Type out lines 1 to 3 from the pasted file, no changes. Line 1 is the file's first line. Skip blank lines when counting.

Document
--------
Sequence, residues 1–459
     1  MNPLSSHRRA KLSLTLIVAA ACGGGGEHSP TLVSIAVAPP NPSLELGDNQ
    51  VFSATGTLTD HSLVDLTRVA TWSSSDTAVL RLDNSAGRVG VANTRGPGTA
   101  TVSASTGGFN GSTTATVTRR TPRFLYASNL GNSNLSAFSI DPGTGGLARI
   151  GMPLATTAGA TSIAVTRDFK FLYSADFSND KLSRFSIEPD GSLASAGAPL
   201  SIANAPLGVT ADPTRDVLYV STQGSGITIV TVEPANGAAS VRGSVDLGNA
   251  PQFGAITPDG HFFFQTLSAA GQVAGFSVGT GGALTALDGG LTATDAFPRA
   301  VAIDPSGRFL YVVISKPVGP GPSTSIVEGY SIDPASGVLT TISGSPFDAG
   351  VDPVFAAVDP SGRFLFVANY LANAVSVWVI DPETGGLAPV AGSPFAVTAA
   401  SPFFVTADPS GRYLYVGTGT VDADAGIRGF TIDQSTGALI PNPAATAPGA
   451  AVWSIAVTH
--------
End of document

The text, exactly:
Sequence, residues 1–459
     1  MNPLSSHRRA KLSLTLIVAA ACGGGGEHSP TLVSIAVAPP NPSLELGDNQ
    51  VFSATGTLTD HSLVDLTRVA TWSSSDTAVL RLDNSAGRVG VANTRGPGTA